Auburn rebuts fracking water claim
Officials in the city of Auburn say their sewage plant doesn't treat waste water from hydrofracking, reports Christopher Caskey at the Auburn Citizen:
While the city does take and process wastewater from natural gas wells, the state Department of Environmental Conservation does not allow the Auburn plant to accept any fluids used in the horizontal hydrofracking process, any water from Marcellus Shale or any drilling mud, a city engineer said this week. The New York Times recently mentioned the Auburn plant in a story about pollutants and radioactive materials found in the water leftover from a drilling process known as horizontal hydraulic fracturing. Also known as horizontal hydrofracking, the drilling process has been used in recent years to pull large amounts of natural gas from Marcellus Shale, a large underground formation that runs through parts of New York’s Southern Tier and Pennsylvania.
And the federal budget won't include money to help the Susquehanna River Basin Commission monitor river levels as natural gas drillers drain water for fracking, reports Jon Campbell at the Press & Sun-Bulletin. That puts the program in "serious jeopardy" according to the executive director of the commission.
Nuclear in the North Country
The town of Easton, near the New York-Vermont border, has approved a committee to study nuclear energy, reports Brian Nearing at the Times Union. That follows calls from a congressman to site a nuclear plant somewhere in the North Country:
Easton seems an unlikely place for a debate on nuclear power. [Supervisor John] Rymph said the town of about 2,600 people, which devotes most of its $1 million annual budget to fire protection and maintaining roads, has no money to pay for expert nuclear consultants. The town doesn't have its own ZIP code, its own post office, a gas station, a restaurant, or a grocery store. Its main road, Route 40 runs north and south through the town, and there are no stoplights anywhere in Easton. Over the last three years, a grand total of 11 new homes have been built. But there are more than 30 dairy farms, which help make Washington County the largest dairy county in the eastern part of the state. There also is a nuclear echo in the town's past, one that the supervisor and others remember. The decaying relic sits on land near the Hudson River as a permanent reminder of the nuclear future that never was.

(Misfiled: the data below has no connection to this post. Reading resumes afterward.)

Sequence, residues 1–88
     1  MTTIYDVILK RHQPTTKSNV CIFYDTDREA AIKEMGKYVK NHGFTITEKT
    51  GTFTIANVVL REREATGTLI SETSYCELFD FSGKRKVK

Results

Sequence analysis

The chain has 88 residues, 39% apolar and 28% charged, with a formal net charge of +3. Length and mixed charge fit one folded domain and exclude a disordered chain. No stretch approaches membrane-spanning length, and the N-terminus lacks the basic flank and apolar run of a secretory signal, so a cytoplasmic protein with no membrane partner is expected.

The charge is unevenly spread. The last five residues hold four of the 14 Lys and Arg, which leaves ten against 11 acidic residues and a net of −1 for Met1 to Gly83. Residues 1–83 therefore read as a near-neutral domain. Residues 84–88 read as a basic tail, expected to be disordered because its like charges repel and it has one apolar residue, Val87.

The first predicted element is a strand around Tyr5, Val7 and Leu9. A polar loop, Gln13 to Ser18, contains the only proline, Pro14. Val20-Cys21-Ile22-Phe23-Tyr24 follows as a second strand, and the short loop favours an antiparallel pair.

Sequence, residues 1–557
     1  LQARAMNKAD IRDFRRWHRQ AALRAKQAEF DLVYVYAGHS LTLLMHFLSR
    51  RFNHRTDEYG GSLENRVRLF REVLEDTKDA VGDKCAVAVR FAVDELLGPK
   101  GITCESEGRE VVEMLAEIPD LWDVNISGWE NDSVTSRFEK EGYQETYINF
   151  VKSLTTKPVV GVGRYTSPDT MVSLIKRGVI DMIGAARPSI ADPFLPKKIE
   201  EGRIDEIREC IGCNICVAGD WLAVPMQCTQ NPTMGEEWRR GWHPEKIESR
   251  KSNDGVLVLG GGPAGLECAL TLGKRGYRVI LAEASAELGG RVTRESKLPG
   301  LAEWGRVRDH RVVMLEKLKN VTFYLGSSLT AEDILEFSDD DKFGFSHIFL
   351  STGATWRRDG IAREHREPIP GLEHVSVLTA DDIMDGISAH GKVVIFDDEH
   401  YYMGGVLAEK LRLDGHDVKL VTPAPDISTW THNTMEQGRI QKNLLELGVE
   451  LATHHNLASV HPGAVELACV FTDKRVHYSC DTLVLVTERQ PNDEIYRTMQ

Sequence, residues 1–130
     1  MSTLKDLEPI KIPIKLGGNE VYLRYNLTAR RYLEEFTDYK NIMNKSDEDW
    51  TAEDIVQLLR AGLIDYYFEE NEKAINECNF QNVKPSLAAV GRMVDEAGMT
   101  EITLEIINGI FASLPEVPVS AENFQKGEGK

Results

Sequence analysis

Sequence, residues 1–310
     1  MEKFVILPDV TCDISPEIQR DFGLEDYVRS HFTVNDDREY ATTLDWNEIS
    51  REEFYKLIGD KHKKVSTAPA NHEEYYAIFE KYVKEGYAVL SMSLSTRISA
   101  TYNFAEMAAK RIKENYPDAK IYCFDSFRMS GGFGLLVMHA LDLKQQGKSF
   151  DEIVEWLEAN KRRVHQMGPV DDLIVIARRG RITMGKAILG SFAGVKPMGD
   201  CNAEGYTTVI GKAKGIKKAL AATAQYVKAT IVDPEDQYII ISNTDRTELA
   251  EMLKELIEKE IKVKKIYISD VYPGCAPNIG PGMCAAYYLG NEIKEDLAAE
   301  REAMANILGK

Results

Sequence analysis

Erica Schlaikjer at The City Fix has a round-up of research news from the energy and transportation fields. Among the findings: neighborhoods built around public transportation save energy, and Americans drove 3 trillion miles last year.
Business go green
Small business owners are starting to see the economic evidence for going green, reports Vincent Sherry at the Buffalo News. That includes auto shops using waste oil to heat their premises, and taking the state up on incentives to implement green energy:
David Hillman, co-owner of Hillman Automotive, has employed many green efforts at his new $1.4 million auto facility in the Town of Lockport, and he is considering taking advantage of solar incentives. The business, which once had to pay for disposing of oil from oil changes, now uses it for heat. It has had no heating bills all winter. The shop uses a system that directly heats its floors and walls. Installing the new heating system when building a new facility cost about $35,000 more to set up than traditional heating. That and $10,000 for windows contributed to about $100,000 in costs. "Our customers and contractors have been really impressed," David Hillman said. "They applaud what we did instead of taking the cheap, inexpensive way out. We looked at the long haul."
In a poll of its readers, the Rochester Business Journal found that a majority of voluntary respondents (about 825 in all) support natural gas drilling in the Marcellus shale:
By 57 percent to 43 percent, readers favor the process, with 31 percent endorsing the condition that the state Department of Environmental Conservation conduct a comprehensive review and analysis to determine its safety.
Wind powering down
Lack of demand and cheaper alternatives could be stalling wind energy in the United States, writes Geoffrey Styles at The Energy Collective:
It's probably premature to conclude that the US wind boom has ended, and that wind capacity is now likely to grow at lower, more normal rates in the future, compared to its extraordinary past performance. This could just be a lull, as the enormous additions of the last few years are absorbed into a power grid that is still modernizing and remains a long way from the smart grid that will be needed to accommodate much larger contributions from intermittent renewables of all types. At the same time, it's worth noting that government incentives can't eliminate every obstacle that renewables face, and that arguments that the Treasury cash grants in lieu of tax credits should be extended beyond 2011 should be assessed with much more critical judgment than was possible in the scramble of a lame duck Congressional session.
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